We made a list of how we think we will replace most of the front landscaping at StoneGable. We are thinking it will be done in three phases.
- remove the dead Ash tree stump that keeps growing back and reseed with grass
- remove the overgrown holly tree and reseed with grass (this was a tough one because we love our holly tree, but deemed it was not safe because it was too hard to see around it coming out of our driveway.
- replace all bedding plants in the front of our home closest to the house
Here are all 8 new First Editions® Wildfire™ Winterberry in a row! We will keep them trimmed to about 1/3 the height of the porch when they are fully grown.
Lots of new growth already on my Winterberries!
This is how the Winterberries will look dressed up with their berries…
The Annabelle hydrangeas were replaced with Endless Summer ®Hydrangeas. Unlike the Annabelles, they will stay round and compact and bloom all summer long.
Now that phase one is done we will probably do phase two this coming spring.
Phase Two: This phase came about after we replanted the front. I originally wanted to keep the spirea (bridal veil) but after seeing how fresh the front looked the spirea looked very overgrown and sloppy. The same for the front landscaping around the lamp post.
You can see from the image below that the Queen Ann Lilac tree is very leggy and top heavy.
- replace existing spirea with another early summer blooming plant
- remove and replant the small front bed around the lamp post
- replace the lamp post
- widen the driveway and have it repaved.
- landscape around the back walk
This might take at least another year to address.
CHOOSE THE CORRECT PLANTS
One of the biggest decisions, after deciding to go ahead with the project, was to pick out plants. And most importantly to pick the right plants! It’s very much a process of elimination. We knew we wanted to incorporate First Editions Wildfire Winterberry and Endless Summer hydrangeas.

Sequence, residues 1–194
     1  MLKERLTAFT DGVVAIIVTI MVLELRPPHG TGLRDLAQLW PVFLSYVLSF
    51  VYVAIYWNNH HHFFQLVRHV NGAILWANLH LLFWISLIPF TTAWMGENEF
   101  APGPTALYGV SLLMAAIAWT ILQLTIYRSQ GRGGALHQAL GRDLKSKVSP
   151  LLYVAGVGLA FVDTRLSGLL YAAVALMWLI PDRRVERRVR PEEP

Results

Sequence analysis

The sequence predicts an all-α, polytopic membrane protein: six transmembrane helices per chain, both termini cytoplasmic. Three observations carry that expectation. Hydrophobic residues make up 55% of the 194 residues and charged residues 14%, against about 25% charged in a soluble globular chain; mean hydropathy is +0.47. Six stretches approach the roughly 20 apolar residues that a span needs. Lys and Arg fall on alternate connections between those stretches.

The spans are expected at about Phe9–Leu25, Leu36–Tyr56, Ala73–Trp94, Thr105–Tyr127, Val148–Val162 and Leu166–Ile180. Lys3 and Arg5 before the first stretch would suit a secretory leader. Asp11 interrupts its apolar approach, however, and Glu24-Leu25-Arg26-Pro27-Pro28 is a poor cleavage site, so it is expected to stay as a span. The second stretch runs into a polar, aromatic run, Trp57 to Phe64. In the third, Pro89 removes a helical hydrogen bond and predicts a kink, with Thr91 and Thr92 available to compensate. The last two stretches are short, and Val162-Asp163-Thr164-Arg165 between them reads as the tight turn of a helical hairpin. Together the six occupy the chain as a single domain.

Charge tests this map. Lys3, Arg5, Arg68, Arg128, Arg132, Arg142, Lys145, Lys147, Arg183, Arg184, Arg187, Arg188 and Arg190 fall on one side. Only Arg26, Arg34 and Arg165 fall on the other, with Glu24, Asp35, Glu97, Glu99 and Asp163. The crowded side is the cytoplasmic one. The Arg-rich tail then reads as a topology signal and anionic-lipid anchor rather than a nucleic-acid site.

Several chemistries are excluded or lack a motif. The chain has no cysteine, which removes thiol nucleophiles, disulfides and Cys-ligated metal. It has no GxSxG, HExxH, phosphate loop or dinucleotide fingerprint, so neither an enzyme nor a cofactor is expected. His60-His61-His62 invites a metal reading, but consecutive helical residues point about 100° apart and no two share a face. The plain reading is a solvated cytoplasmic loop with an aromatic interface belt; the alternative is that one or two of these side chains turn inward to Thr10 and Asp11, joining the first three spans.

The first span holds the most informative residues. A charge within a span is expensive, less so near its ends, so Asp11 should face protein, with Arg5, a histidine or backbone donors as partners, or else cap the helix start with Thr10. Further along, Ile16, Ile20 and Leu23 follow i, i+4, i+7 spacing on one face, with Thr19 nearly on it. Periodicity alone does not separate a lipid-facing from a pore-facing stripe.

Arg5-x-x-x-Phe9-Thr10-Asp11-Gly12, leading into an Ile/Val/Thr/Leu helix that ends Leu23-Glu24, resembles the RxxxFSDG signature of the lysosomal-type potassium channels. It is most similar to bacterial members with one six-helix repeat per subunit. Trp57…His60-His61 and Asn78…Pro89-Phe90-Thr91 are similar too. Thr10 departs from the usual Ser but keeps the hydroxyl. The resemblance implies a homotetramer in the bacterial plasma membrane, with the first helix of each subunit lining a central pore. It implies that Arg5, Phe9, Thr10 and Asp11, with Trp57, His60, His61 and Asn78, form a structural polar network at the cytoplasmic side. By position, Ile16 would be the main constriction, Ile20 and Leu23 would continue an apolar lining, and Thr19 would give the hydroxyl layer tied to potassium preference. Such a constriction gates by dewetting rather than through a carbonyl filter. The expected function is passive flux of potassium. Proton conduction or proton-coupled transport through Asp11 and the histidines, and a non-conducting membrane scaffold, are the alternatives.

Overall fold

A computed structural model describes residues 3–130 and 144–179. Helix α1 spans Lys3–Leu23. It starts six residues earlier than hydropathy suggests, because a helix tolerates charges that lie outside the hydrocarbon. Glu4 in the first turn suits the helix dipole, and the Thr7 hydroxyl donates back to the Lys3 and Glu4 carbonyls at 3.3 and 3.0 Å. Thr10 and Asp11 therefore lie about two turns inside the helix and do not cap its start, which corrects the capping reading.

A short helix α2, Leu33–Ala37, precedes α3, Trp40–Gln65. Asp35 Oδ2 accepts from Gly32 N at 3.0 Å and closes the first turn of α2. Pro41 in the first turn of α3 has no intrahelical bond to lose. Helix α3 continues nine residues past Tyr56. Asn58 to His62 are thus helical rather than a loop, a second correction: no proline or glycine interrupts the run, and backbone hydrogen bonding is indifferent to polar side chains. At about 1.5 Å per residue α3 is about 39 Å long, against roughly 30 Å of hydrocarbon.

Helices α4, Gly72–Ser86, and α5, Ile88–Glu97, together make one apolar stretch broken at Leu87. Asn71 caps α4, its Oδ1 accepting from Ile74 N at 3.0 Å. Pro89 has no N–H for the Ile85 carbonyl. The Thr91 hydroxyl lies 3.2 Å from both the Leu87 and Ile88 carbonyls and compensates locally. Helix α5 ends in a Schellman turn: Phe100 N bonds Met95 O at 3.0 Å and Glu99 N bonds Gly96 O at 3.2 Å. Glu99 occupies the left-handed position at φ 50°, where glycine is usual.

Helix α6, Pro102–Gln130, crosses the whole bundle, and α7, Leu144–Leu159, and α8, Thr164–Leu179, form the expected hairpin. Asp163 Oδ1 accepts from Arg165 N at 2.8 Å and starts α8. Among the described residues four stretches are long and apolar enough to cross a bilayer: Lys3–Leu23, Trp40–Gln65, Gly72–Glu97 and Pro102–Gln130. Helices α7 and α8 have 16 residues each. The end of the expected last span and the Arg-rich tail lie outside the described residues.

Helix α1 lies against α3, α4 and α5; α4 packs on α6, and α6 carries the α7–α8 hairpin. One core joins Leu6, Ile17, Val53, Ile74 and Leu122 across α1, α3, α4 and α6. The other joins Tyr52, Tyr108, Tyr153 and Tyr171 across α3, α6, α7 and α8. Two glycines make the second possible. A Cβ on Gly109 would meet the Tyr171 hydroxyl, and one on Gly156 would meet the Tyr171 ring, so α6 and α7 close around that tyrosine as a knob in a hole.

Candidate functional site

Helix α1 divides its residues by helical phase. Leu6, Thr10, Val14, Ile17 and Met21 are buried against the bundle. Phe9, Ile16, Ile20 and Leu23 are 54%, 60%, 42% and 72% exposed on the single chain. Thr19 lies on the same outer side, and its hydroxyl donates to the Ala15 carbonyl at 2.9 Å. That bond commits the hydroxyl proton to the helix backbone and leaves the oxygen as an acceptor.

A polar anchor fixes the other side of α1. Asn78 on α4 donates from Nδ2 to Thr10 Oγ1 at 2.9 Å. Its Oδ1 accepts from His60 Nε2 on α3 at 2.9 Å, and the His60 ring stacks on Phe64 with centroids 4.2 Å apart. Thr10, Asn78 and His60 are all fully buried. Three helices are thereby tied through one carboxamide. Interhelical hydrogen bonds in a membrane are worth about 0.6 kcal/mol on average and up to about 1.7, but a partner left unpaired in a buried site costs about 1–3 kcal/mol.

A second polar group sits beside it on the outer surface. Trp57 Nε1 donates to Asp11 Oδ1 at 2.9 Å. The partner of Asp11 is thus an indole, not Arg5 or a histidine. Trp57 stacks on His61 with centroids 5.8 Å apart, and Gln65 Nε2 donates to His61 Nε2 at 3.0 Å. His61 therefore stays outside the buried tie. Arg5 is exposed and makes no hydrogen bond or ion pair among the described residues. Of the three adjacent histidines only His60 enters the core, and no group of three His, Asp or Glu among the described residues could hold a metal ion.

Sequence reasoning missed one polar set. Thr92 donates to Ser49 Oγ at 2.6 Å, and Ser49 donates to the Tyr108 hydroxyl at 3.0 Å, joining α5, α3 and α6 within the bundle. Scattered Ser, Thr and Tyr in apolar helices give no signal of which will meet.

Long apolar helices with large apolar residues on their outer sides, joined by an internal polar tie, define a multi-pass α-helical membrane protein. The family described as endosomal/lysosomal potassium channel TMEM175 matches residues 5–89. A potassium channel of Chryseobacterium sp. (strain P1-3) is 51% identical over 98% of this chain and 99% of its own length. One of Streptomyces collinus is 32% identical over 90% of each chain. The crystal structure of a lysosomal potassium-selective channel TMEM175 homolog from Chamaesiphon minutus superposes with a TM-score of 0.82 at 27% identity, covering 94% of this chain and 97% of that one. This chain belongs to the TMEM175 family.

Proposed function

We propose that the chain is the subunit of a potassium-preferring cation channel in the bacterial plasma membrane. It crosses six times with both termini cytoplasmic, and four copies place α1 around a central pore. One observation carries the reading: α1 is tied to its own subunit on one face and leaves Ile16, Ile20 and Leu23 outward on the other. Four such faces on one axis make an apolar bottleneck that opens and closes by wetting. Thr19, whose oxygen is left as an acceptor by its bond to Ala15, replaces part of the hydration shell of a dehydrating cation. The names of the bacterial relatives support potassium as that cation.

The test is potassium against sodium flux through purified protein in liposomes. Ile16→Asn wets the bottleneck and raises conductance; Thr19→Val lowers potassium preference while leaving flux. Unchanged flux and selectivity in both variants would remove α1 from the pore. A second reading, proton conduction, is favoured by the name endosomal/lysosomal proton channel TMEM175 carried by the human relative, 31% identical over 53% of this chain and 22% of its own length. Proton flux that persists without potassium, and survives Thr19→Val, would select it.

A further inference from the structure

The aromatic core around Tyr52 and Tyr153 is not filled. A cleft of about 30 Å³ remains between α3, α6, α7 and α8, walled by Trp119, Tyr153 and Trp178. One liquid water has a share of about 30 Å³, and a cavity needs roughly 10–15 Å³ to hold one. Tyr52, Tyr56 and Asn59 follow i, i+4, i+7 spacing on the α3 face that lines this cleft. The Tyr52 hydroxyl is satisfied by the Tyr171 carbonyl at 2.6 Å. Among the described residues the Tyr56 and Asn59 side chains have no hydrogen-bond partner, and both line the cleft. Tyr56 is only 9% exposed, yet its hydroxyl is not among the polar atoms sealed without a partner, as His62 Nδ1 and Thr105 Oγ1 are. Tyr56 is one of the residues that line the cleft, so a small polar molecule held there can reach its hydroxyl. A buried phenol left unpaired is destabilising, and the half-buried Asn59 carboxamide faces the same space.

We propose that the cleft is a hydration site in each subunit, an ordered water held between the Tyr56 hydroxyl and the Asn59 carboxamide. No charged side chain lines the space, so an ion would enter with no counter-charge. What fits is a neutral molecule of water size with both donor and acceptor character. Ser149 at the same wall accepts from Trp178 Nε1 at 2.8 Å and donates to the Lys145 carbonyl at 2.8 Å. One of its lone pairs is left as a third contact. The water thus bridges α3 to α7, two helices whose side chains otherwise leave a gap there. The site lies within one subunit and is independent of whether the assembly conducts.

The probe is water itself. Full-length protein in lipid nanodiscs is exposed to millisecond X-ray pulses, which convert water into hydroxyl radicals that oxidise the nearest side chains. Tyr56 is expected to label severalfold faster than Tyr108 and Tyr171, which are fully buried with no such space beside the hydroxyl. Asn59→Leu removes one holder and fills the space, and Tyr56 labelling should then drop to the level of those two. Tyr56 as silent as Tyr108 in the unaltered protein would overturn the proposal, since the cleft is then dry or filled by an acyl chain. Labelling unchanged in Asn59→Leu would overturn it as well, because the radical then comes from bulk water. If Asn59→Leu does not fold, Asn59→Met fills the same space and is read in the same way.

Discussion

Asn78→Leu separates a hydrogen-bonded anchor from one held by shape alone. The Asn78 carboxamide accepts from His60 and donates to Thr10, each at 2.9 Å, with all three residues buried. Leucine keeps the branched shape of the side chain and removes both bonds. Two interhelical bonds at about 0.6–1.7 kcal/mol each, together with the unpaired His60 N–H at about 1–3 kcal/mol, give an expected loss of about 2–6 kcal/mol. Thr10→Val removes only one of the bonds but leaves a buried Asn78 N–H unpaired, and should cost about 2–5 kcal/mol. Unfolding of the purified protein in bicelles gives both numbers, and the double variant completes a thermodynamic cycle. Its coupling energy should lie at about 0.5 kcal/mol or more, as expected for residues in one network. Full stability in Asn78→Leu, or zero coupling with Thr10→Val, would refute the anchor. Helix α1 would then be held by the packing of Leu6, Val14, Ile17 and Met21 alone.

I had seen the Winterberry plants in landscaping in our area and I love how they berries stay on the plant in the winter. Perfect for our home!!!! And I have had a long love affair Endless Summer hydrangeas! So Winterberry and Hydrangeas were a must!
We consulted our landscaper for other plants that would work well with them and our home.
Here are some things to consider when choosing new bedding plants
- height and width
- function of plant
- shapes and textures
- evergreen or deciduous
- climate and zones plants will thrive in
- surrounding plants
- plant diseases in your area
DECIDE WHO IS DOING THE WORK
We decided early on that this was not a DIY project for us. We know our limitations! So we contacted a landscaper that we have been working with for years and he helped us with choosing some of the plants, purchasing the plants and the landscape remodel process.
As you can see getting our boxwood’s out was a big undertaking. But sooo worth it!
Here is what was planted in the area that was being dug up.
Taking care of plants after they are planted will help them thrive and grow. We want to keep our investment happy and healthy!
Here are some things to think about after landscape is planted…
- keeping an eye on the plant (see TAKE A GOOD LOOK AT THE LANDSCAPE AROUND YOUR HOME)
And most of all…
ENJOY YOUR LANDSCAPING!
Make sure to take time to enjoy the beauty your new landscaping brings to your home!